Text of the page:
video thumbnail

BOS@CLE: Cabrera hits a go-ahead double in the eighth

CLEVELAND -- The Indians have had a habit of finding a new hero on a nightly basis this season. Sometimes, though, the best strategy is to ride the hot hand, hoping that a one-man show emerges at some point.

Right now, Asdrubal Cabrera is providing precisely that for the Indians.

On Monday night, with rain pouring down on Progressive Field, and lightning flashing above, Cabrera stepped into the batter's box with the game on the line against the Red Sox. The go-ahead run stood on second base as raindrops dripped from the brim of Cabrera's helmet.

"He's the guy we want to see at the plate right now," manager Manny Acta said.

Cabrera happily assumed the role of hero again, leading the surging Tribe to a 3-2 victory over Boston. The red-hot shortstop sliced a 96-mph fastball from Red Sox reliever Daniel Bard to left field. It ricocheted off the wall to score Michael Brantley, sending Cleveland to another dramatic win at home.

The tone was set by a solid performance from starter Justin Masterson, the troops were fired up when Acta was ejected for arguing a close play in the eighth and the game was sealed with another nerve-racking ninth from closer Chris Perez.

After allowing two singles, Perez collected his 13th save with an improbable double-play grounder off the bat of the speedy Carl Crawford. It was not the easiest path to victory, but the Indians found a way to get it done.

Cleveland is indeed becoming Believe-land.

"I don't think there was ever a doubt on the team if we could do this or not," Masterson said. "I think you'd have to answer that question, if people are going to start believing. We're just going out and winning ballgames."

At a furious rate.

The win over the Red Sox improved the Indians' Major League-leading record to 30-15 overall and 19-4 at home. Only one other Cleveland club has opened a tour with the same mark in front of its home audience. The 2007 Tribe also began 19-4 at home, and eventually fell one win shy of reaching the World Series.

Acta is not looking that far ahead just yet.

"We have played very good baseball for a month and three weeks," Acta said. "There's four months to go. I want to see my team play six months of good baseball. In four months, if things don't stand up there, then everybody is going to forget about these first two months.

"It's been great, but we have a ways to go."

In the early going, Cabrera has arguably been Cleveland's Most Valuable Player.

In a 12-4 rout of the Reds on Sunday, Cabrera went 5-for-5 with two home runs and five RBIs in a career day for Cleveland. On Monday, the shortstop offered an encore showing of 3-for-4 with his 10th home run of the year -- a solo shot off Clay Buchholz in the fourth -- plus the game's decisive blow in the eighth.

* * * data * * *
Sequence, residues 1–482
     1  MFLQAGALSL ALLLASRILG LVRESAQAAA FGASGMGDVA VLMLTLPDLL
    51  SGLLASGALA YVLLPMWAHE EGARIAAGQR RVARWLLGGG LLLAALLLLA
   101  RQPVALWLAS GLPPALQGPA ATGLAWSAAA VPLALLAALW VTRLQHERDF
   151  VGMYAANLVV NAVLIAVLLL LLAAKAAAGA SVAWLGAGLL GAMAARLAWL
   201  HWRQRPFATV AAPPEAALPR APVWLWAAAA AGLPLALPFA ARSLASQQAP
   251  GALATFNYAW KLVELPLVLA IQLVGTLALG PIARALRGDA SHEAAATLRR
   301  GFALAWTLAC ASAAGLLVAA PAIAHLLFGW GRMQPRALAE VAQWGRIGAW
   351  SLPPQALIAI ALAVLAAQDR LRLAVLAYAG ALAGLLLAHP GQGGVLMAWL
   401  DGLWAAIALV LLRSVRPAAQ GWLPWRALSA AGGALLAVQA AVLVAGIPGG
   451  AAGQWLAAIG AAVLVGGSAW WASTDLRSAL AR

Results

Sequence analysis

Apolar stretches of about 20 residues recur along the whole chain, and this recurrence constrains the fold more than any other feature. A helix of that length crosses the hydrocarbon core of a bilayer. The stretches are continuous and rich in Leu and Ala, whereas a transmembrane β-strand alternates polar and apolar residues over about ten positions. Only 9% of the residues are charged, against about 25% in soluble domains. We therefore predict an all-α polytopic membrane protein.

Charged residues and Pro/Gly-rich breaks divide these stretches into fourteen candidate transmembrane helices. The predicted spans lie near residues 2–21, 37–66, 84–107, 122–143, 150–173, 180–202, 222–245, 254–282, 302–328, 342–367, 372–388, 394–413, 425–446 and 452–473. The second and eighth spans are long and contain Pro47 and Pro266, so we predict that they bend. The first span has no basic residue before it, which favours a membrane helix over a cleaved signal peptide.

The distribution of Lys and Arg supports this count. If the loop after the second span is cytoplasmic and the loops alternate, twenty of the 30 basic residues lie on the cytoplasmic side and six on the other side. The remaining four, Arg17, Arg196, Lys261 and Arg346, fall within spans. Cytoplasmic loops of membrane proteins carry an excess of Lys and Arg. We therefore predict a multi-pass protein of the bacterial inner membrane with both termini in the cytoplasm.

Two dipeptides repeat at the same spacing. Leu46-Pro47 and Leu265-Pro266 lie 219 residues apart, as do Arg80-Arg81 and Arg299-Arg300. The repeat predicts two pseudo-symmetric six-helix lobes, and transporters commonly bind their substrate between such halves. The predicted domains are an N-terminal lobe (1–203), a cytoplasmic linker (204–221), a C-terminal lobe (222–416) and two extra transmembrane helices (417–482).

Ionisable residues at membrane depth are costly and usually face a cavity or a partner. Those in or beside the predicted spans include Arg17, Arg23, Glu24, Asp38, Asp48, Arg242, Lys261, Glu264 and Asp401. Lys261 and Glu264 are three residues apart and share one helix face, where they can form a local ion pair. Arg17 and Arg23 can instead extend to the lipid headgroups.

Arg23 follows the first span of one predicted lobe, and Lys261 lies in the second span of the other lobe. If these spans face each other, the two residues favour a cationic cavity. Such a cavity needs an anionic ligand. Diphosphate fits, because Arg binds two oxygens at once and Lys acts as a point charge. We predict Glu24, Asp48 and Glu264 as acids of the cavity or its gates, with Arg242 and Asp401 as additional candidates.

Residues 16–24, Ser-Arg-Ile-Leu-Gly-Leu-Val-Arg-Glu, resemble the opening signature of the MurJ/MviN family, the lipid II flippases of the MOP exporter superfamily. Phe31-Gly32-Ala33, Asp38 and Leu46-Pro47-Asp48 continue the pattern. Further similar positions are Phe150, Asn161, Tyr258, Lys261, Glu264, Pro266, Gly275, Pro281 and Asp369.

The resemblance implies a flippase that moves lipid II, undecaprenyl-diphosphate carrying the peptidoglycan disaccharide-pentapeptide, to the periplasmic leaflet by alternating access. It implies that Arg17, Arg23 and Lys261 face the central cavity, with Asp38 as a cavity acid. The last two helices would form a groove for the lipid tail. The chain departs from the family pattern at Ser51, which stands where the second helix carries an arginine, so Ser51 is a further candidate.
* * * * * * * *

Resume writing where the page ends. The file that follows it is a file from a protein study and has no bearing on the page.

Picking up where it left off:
Over his past 14 games, all Cabrera has done is hit .421 (24-for-57) with five homers and 13 RBIs for the Indians. Against Boston (25-22), Cabrera had a consecutive hits streak end at seven at-bats in the sixth inning with a hard-hit flyout to left field.

That was only a temporary setback.

"Asdrubal is locked in right now," Brantley said. "He's swinging the bat unbelievable. You guys see it. We see it. It fires us up, because right now he's the hot stick at the plate."

Masterson put the Indians in a position for a late comeback with a solid effort over 7 2/3 innings. The big sinkerballer -- traded to the Indians by the Red Sox in 2009 -- limited Boston to two runs on four hits, including an RBI single by Dustin Pedroia in the third and a solo shot by Crawford in the fifth.

In the eighth inning, with the Reds Sox clinging to a 2-1 lead, Masterson's performance included a twist. After catching a feed from first baseman Matt LaPorta on a one-out groundball off the bat of Jacoby Ellsbury, the pitcher made an awkward kick at first base while on the run.

Ellsbury was ruled safe, even though replays showed that Masterson appeared to flick the bag with his toe after initially missing it. Acta ran out of the dugout and argued the call with first-base umpire Rob Drake, who eventually ejected the manager from the contest. It was the fifth career ejection for Acta.

"I think that was more great for the guys to see that," Masterson said, "because he got fired up."

Acta said Drake's explanation was that, after fumbling at first on the play, Masterson went back to first to step on the base.

"He never heard what I got to say," Acta said. "What I wanted to say is you don't make calls based on players' reactions, on the guy going back. You make calls on what you see and what happened. I became a little mad just because he walked off on me. I think that's disrespectful."

Fortunately for the Tribe, the play had little effect on the final outcome.

And Acta watched the final flourish unfold in the clubhouse with the game being broadcast nationally.

Buchholz, who logged 7 1/3 impressive frames, relinquished a leadoff single to Jack Hannahan in the eighth. Three batters later, Brantley pulled a pitch from the hard-throwing Bard into right field for a run-scoring single that knotted the score at 2.

Brantley advanced to second base on the play.

That presented the perfect situation for Cabrera.

"Cabrera's seeing the ball really well right now," Bard said. "He's hitting pretty much anything."

Bard gave him a heater to the outside corner, and Cabrera did not miss.

"I'm just trying to put the ball in play," Cabrera said. "I'm feeling really good."

Good enough to be the hero once again.

"He's taking over the reins right now," Brantley said. Comments